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Canada signs $78 million bilateral agreement to help residents of Newfoundland and Labrador age with dignity

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by ahnationtalk on May 21, 202419 Views

From: Health Canada

May 21, 2024

Every senior in Canada deserves to age in dignity, safety, and comfort, regardless of where they live. That is why the Government of Canada is investing close to $200 billion over 10 years, which includes $5.4 billion for tailored bilateral agreements with provinces and territories on Aging with Dignity.

Today, the Honourable Seamus O’Regan Jr., Minister of Labour and Seniors, on behalf of the Honourable Mark Holland, Canada’s Minister of Health, and the Honourable Tom Osborne, Newfoundland and Labrador’s Minister of Health and Community Services, announced a bilateral agreement to invest $78 million over the next five years to help residents of Newfoundland and Labrador age with dignity. This funding builds on the close to $256 million bilateral agreement that was announced with the province in March of 2024.

Federal funding will support Newfoundland and Labrador’s five-year action plan to improve health care for seniors. The plan will:

  • Improve home and community care systems
    • Hire additional clinical staff to increase access to care and support;
    • Utilize technology for new service delivery models and implement initiatives for timely access to home supports and care needs, medications, and medical equipment based on clinically assessed needs;
    • Support individuals living with dementia through new community-based supportive care options and more training courses; and
    • Increase options for restorative and rehabilitative care in the community.
  • Enhance palliative and end-of-life care
    • Support a new 10-bed community hospice in Grand Falls-Windsor;
    • Improve access to supports and services for individuals at end of life living at home; and
    • Improve palliative and end-of-life care through more training and education opportunities for care providers.
  • Strengthen the workforce
    • Establish a geriatric medicine fellowship at Memorial University;
    • Fund wage increases for more than 1500 personal support workers (PSW) employed in personal care homes, and bolster recruitment and retention initiatives for those providing care; and
    • Support training to improve health care outcomes and promote independence and well-being.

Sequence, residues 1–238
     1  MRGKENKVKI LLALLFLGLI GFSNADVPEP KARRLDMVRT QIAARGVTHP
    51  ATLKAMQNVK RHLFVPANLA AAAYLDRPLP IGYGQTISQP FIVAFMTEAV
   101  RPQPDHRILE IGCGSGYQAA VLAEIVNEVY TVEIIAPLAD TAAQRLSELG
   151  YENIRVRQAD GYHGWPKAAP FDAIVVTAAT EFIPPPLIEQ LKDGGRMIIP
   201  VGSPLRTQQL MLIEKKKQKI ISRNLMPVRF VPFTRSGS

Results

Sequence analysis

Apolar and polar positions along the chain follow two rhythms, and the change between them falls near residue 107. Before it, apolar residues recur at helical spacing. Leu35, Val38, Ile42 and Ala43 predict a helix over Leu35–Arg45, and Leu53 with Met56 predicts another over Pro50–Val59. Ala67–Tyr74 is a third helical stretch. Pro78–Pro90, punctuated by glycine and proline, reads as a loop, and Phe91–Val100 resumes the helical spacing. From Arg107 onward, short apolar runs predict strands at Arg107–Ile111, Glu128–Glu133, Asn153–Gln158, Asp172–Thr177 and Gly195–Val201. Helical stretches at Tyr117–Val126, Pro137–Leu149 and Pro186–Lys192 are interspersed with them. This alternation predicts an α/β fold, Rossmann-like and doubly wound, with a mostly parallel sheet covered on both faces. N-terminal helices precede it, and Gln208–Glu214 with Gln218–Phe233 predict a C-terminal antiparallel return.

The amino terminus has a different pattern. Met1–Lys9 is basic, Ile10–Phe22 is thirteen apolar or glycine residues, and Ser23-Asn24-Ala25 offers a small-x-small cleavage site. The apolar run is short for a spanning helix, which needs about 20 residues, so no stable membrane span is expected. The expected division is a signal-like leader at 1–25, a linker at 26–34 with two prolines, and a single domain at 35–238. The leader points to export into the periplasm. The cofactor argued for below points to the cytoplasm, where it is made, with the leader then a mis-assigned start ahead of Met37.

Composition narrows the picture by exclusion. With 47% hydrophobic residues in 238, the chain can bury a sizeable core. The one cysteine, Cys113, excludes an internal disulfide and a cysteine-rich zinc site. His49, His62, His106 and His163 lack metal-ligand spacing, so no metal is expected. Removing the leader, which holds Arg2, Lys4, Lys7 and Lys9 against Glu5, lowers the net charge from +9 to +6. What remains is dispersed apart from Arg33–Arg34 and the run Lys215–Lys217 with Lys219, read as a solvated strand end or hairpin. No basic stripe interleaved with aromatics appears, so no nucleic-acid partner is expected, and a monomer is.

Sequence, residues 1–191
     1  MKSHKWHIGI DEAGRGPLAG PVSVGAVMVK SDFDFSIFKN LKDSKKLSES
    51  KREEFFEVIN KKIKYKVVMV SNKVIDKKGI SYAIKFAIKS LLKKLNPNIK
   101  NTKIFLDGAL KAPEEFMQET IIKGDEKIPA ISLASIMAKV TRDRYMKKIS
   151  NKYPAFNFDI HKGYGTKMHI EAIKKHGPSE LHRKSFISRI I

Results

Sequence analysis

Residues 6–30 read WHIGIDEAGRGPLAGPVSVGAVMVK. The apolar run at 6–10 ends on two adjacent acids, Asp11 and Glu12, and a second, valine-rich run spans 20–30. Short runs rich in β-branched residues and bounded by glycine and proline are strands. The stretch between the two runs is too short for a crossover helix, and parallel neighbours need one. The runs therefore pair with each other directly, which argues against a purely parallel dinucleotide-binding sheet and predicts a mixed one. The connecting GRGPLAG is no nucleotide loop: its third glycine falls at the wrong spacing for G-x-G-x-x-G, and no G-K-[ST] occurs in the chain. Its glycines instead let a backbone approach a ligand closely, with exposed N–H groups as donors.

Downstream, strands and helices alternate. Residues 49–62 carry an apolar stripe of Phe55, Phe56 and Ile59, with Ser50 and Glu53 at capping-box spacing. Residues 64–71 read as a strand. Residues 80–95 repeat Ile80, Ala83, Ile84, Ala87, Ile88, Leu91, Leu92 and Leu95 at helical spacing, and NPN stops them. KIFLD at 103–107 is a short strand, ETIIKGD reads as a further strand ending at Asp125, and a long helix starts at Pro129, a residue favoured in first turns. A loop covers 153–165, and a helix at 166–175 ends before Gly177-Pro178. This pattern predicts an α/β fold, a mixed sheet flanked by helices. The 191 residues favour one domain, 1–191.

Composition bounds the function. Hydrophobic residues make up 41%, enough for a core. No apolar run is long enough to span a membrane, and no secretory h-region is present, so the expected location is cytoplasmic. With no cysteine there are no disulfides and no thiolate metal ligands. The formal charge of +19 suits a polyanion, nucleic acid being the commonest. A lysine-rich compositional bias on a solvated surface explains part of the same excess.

• Enhance the quality of care and quality of life through improved long-term care standards
    • Ensure long- term care home standards align with national standards;
    • Improve quality of life and quality of care, as well as staff work life balance; and
    • Implement a person-centered care approach to care through social and recreational programming, access to behaviour management specialists, and advanced dementia care education.

Progress on these initiatives and broader commitments will be measured against targets which Newfoundland and Labrador will publicly report on annually.

Through this new agreement and the Working Together agreement signed in March 2024, the Government of Newfoundland and Labrador will work with the Government of Canada to improve how health information is collected, shared, used and reported to Canadians; streamline foreign credential recognition for internationally educated health professionals; facilitate the mobility of key health professionals within Canada; and fulfill shared responsibilities to uphold the Canada Health Act to protect Canadians’ access to health care based on need, not the ability to pay.

Recognizing the significant disparities in Indigenous health outcomes, the Governments of Canada and Newfoundland and Labrador also commit to meaningfully engaging and working together with Indigenous partners to support improved access to quality and culturally appropriate health care services. Newfoundland and Labrador’s action plan is informed by continued engagement with its Indigenous partners and supported by the recent trilateral discussions involving the federal government. All levels of government will approach health decisions in their respective jurisdictions through a lens that promotes respect and reconciliation with Indigenous Peoples.